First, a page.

A Lagaan wannabe, without the spunk. Watch it, if at all, for the latest heartbreak kid Shahid Kapur
Yash Raj Films owes a lot to the late Dr Norman Borlaug. Romantic Hindi films set amidst the fields of Punjab would never have looked so lush without the Green Revolution. This is where Dil Bole Hadippa is set and, as usual, it is the best part of the film, apart, of course, from a sexy Sardar called Veer.
The Sardar is short, has a husky voice, hooks balls for sixes and dances like a dream. But Veer is not the only hot stuff in the film. Dil Bole Hadippa has buffaloes, bhangra, butter milk, sugarcane, lassi, a fair lassie or two (in the convoluted shapes of Rakhi Sawant and Sherlyn Chopra) and plenty of cricket-obsessed Punjabis on either side of the Wagah border.
The Pakistani Punjabi (Dilip Tahil) makes sure that the Indian (Anupam Kher) loses every cricket match they have played since 1947. Enough is enough, says our desi patriot, and imports his county cricket-playing son from England (Shahid Kapur), who appears in his spotless whites, to a chorus of wolf whistles from the audience.
The stage is set. The ‘angrez’ from the business class meets the ‘kudi’ (Rani Mukerjee) in the cattle class, and such is the violent reaction, the spark plugs in the truck have to be changed. The kudi wants to play cricket, the angrez is the captain, so Veera Kaur becomes Veer. The rest of the script follows the classical three-act structure—beginning, middle and end.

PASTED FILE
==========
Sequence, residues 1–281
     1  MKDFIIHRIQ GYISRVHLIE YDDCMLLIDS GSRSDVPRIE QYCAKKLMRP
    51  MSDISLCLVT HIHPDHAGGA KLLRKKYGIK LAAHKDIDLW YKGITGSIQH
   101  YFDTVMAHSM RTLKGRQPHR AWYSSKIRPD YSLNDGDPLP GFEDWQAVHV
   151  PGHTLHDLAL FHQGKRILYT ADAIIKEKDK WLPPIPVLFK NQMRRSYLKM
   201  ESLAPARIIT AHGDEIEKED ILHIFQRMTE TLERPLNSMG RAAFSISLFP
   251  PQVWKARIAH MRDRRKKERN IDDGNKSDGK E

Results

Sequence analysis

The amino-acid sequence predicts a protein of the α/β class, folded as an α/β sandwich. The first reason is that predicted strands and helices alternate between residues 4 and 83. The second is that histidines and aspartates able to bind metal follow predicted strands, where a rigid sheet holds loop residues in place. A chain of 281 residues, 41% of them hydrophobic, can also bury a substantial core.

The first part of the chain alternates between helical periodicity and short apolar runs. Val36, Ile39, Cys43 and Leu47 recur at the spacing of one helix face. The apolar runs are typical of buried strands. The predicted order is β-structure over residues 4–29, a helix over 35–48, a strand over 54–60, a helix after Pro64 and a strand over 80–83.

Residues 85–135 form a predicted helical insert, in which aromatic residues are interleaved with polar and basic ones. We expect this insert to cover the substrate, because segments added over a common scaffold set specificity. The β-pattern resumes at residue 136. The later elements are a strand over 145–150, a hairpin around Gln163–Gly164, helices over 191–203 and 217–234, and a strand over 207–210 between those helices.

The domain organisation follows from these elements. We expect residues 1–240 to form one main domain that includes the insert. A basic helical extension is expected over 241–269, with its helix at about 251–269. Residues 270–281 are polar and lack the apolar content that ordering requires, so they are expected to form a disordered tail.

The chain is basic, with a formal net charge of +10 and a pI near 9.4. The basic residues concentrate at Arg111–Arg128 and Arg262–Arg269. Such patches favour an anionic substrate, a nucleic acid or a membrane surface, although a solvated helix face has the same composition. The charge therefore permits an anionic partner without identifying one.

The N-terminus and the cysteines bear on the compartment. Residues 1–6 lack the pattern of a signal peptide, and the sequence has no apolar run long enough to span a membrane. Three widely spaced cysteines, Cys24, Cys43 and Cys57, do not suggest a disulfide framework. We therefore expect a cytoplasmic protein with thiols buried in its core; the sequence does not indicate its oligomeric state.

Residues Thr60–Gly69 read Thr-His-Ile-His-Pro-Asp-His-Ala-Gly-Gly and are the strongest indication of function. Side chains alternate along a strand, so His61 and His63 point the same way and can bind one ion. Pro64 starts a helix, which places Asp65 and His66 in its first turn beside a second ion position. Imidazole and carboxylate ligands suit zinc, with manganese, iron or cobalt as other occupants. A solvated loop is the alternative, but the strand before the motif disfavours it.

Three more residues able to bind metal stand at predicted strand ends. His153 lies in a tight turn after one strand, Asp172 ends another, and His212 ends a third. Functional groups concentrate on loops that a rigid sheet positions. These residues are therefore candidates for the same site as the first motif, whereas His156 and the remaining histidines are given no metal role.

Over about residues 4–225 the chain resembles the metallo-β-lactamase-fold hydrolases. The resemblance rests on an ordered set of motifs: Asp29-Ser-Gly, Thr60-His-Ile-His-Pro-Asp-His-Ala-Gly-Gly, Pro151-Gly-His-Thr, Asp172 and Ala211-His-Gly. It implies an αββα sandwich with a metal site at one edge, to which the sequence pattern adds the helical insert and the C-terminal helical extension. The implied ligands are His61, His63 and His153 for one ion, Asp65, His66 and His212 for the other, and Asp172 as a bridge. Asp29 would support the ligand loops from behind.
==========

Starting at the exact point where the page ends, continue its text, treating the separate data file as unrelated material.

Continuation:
Cricket films, ever since Lagaan, have not worked. The match played at the end of Dil Bole Hadippa borrows shamelessly from the earlier blockbuster, with last-minute twists and turns galore, but this fails because it has none of the individualism of the players in that film, nor the class/race/nationality war that cricket became a metaphor for in Lagaan. In this film, it is an angry Shahid versus a spunky and then contrite Rani. Both the Pakistani and the Indian teams function merely as set decoration for the romantic match. Not a single cricketer from either side is identified as an individual personality.
In short, Dil Bole Hadippa is an amusing movie with attractive lead actors and a very pretty setting. But it has neither good cricket, nor a good love story, nor good music. Given the build-up to this movie, this is hugely disappointing.